2.50
Hdl Handle:
http://hdl.handle.net/10755/157372
Type:
Presentation
Title:
TREATMENT DECISION-MAKING IN OLDER ADULTS NEWLY DIAGNOSED WITH MYELOMA
Abstract:
TREATMENT DECISION-MAKING IN OLDER ADULTS NEWLY DIAGNOSED WITH MYELOMA
Conference Sponsor:Western Institute of Nursing
Conference Year:2010
Author:Tariman, Joseph D., PhC, RN, MN, ARNP, BC, OCN
P.I. Institution Name:University of Washington
Title:Pre-doctoral Fellow
Contact Address:917 N 72nd Street, Seattle, WA, 98103, USA
Co-Authors:Donna L. Berry; Barbara Cochrane; Ardith Doorenbos; Karen G. Schepp
PURPOSE/AIM: To examine treatment decision making in older adults aged 60 years and above with newly diagnosed multiple myeloma. The specific aims of the study are to
1) Describe physicians' personal perspectives on the decision making process and perceptions of patients' preferences for participation in decision making.
2) Examine patients' personal perspectives of the decision making process including personal values, preferences for participation, and past experiences relevant to treatment decision making.
3) Describe information needs and preferences for participation in decision making in older adults newly diagnosed with multiple myeloma.
4) Explore the association of socio-demographic variables with information needs priorities and preferences for participation in decision making.
BACKGROUND: Multiple myeloma is a B-cell malignancy of the plasma cells primarily affecting older adults with median age of diagnosis at 65. There is considerable evidence that patients want to be informed and consulted with regard to the impact of treatment on not only survival but also quality of life. However, no data exist regarding the process of treatment decision making and degree of control preferences over treatment decisions in older adults diagnosed with multiple myeloma.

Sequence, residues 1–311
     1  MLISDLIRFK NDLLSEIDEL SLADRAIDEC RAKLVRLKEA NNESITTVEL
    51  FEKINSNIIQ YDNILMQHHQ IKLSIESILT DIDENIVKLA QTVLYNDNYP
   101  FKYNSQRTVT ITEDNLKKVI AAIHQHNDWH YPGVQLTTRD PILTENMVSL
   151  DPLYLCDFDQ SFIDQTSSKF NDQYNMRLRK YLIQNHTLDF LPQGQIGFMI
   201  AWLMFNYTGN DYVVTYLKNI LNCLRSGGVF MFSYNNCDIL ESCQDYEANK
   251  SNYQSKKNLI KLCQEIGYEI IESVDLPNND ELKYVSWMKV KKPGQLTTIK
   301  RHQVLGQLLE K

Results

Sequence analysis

DESIGN AND METHOD: This study will employ a multi-method, cross-sectional survey design. Physicians and patients will be interviewed separately to describe how treatment decisions are made from both perspectives. After the interview, patients will be asked to report their degree of preferred control over treatment decisions using the Control Preference Scale (CPS) and complete the Information Need questionnaire to asses their information priorities for participation in the decision making process.
RESULTS: This study is currently accruing subjects. Preliminary data will be analyzed by March 2010.
IMPLICATIONS: Physicians and other clinicians will gain further understanding of patients' information needs and control preferences over treatment decisions. This information is important in improving patient participation and satisfaction in care. The findings will guide the development of web-based patient education material and treatment decision tools.
Repository Posting Date:
26-Oct-2011
Date of Publication:
17-Oct-2011
Sponsors:
Western Institute of Nursing

Full metadata record

DC FieldValue Language
dc.typePresentationen_GB
dc.titleTREATMENT DECISION-MAKING IN OLDER ADULTS NEWLY DIAGNOSED WITH MYELOMAen_GB
dc.identifier.urihttp://hdl.handle.net/10755/157372-